The Privilege to Celebrate Juneteenth

I try, as a rule, to pick my topics carefully. Not carefully in that I want to avoid controversial topics or trying to make sure that I don’t get into some kind of trouble from people who disagree with me (not many people read this anyway, so I still find this to be my safe space). But I pick topics carefully in that I generally only write about things if two criteria are satisfied: 1) I have thought deeply about the topic, and 2) the position I am taking on the topic has a solid fact-based foundation. To some (mostly over in Facebook land, where more people tend to read my stuff), it makes it seem like I’m full of facts and figures, but in reality, it’s easier to seem super knowledgable by limiting yourself to topics that you know something about. But here I am, breaking my “rule” that isn’t really a rule. I don’t feel on firm ground on this one, and what I’m going to write may have plenty of obvious flaws (in addition to the flaws from unedited writing and a lack of good proofreading that have always been part of Hitting Bregma). The good thing is that I don’t use being right or wrong as a category in my estimate of my value to the world. I’m not upset when I’m shown that I was wrong. Sometimes I’m confused how I didn’t see it myself, but I’m excited to have a reason to change my views, so breaking my “rule” doesn’t have much risk to it. So let’s talk about Juneteenth a little bit. Just a little bit…this introduction might have more to say than whatever comes after the fold.

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The stupid economy

When Bill Clinton ran for president, James Carville, Clinton’s lead strategist said, “it’s the economy, stupid” and that phrase caught on. I’m not an economist, but it’s clear to me that the use of “stupid” in this phrase could have many meanings, intended or otherwise. More importantly, I used “It’s the economy, stupid” as a title for a post already, so I had to mix it up a bit for this one. But more and more, I think there’s a lot of stupid when it comes to the economy, or at least how people talk about the economy.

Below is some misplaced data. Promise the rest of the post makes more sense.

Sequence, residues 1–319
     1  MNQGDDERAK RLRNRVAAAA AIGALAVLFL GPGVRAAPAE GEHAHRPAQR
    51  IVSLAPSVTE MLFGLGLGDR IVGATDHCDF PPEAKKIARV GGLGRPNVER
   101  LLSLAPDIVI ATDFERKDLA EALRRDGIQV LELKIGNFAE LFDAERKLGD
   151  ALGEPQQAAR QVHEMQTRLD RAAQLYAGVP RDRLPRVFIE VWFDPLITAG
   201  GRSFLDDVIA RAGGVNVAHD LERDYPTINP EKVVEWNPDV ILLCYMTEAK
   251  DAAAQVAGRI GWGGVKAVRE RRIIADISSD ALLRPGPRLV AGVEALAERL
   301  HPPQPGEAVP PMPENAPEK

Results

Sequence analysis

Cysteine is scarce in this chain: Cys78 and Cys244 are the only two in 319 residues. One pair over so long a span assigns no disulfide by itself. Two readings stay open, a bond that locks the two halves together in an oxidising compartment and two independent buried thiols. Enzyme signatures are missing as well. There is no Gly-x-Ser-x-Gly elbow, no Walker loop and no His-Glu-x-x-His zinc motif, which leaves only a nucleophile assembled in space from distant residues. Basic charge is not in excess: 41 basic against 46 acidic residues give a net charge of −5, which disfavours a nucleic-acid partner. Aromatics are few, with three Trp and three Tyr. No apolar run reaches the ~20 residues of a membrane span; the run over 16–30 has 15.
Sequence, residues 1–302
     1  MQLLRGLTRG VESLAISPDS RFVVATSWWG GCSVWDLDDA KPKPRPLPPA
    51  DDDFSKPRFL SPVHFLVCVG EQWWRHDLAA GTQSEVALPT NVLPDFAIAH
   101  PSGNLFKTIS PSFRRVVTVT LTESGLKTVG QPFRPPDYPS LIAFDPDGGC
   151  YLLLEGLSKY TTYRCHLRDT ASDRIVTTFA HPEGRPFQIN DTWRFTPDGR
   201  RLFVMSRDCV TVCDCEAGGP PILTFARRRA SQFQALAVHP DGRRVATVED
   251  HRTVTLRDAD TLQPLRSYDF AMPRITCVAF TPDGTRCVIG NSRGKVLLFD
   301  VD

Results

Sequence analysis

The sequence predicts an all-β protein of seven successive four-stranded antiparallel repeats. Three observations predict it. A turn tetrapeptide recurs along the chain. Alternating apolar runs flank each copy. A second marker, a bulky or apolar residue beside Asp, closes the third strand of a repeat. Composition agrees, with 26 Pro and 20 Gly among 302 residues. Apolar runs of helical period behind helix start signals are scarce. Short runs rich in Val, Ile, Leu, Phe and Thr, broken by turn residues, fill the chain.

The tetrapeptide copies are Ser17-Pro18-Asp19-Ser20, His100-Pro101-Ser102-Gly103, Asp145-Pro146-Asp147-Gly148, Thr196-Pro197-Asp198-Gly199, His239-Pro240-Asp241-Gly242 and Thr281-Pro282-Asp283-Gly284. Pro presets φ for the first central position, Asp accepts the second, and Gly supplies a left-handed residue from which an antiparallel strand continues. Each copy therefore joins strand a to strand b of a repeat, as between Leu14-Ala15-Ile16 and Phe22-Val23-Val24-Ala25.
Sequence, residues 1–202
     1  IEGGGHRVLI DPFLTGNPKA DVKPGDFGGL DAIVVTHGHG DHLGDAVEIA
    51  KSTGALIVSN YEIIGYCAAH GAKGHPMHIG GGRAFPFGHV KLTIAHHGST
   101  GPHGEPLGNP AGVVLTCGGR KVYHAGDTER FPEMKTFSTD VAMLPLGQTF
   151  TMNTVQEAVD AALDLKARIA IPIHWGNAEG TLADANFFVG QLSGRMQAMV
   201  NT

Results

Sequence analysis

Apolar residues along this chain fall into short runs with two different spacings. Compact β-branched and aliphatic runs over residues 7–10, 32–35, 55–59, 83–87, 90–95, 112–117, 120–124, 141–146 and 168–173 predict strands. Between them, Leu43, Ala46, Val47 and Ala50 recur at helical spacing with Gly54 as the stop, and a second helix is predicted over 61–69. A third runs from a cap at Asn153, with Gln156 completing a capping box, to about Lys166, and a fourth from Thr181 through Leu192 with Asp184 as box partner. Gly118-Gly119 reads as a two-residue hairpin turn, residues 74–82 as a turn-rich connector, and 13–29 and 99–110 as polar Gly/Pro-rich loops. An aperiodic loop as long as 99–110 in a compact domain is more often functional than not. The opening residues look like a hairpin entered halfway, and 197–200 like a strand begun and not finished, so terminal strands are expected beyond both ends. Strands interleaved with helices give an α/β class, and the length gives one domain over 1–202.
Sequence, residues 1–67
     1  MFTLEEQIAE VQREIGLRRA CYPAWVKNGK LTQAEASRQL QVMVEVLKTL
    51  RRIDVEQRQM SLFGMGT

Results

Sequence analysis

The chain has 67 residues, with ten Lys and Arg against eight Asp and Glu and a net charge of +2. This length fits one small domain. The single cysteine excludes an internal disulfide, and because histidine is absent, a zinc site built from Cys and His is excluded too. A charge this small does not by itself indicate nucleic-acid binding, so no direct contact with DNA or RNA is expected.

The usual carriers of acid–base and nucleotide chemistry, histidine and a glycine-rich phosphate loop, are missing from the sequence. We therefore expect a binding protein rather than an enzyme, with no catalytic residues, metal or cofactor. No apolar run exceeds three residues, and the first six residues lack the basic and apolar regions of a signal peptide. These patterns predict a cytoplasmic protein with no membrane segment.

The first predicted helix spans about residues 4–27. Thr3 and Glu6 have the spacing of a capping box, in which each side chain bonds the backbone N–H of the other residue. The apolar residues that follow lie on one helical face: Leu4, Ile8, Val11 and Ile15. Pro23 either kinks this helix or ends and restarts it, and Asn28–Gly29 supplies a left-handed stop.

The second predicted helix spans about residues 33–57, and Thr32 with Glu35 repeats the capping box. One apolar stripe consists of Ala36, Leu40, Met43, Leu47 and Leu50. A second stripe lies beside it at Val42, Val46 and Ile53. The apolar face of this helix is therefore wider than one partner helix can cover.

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War and Heritage

It’s been a while since I’ve used this site to work out my thoughts on something. Some of that has been because I’ve been busier than usual, but mostly I think it’s because I’ve lost my debate opponents on social media, and these debates often served as the spark for my deeper thoughts that I brought here. I don’t know where the debate opponents went, I think they grew tired of debating me, and maybe they felt like it didn’t mean as much after Trump lost. Either way, I have a void over there, that’s clearly leading to a void over here. But the war in Ukraine got me thinking about something and this seems to be the perfect place to put those thoughts into writing. It all starts with me being very upset about what Russia is doing, but also being Russian, at least in part.

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COVID cases and deaths: maybe some good news

I haven’t used this site in a while, mostly because I got out of the habit, and also because I got a little sick of thinking about the kinds of things that I tend to write about here. It’s also probably because a lot of what I did here served as an outlet to dive deeper into conversations I was having on Facebook, and those conversations haven’t been as interesting lately, probably because people who disagreed with me seem less likely to jump in in the post-Trump era. But today I found myself thinking about COVID and omicron and I did a bit of graph comparing that fits pretty well here, so I’m back at it.

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All the colors of the non-binary world